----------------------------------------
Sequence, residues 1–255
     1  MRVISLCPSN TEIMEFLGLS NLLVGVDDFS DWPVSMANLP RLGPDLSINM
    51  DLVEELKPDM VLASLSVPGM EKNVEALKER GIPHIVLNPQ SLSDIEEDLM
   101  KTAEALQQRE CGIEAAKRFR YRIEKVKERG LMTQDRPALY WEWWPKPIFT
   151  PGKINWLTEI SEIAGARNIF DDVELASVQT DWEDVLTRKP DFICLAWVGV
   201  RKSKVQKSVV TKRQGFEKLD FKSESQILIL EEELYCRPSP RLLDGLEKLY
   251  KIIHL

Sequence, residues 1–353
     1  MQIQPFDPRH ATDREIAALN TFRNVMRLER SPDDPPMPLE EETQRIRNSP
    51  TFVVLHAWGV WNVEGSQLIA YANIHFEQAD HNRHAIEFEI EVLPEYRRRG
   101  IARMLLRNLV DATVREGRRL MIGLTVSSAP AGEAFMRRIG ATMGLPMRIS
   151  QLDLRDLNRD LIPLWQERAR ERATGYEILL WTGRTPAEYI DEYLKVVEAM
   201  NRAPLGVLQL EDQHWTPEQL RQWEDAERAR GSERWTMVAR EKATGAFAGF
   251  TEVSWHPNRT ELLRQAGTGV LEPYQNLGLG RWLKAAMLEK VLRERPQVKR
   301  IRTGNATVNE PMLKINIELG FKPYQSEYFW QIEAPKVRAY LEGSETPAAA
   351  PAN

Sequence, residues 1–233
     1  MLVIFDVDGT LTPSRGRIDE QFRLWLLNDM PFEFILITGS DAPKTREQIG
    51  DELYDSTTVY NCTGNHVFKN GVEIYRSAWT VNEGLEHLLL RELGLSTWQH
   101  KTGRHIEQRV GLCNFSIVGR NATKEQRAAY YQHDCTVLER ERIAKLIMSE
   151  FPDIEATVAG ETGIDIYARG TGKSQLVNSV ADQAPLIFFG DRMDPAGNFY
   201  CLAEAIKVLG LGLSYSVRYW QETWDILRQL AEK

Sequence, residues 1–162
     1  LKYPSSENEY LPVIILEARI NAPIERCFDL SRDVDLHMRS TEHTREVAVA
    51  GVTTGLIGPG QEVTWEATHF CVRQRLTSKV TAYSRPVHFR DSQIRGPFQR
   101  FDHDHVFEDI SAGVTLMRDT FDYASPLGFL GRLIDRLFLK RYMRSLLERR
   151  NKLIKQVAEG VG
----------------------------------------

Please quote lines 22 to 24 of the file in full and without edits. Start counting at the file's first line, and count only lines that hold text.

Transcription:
   201  CLAEAIKVLG LGLSYSVRYW QETWDILRQL AEK

Sequence, residues 1–162
     1  LKYPSSENEY LPVIILEARI NAPIERCFDL SRDVDLHMRS TEHTREVAVA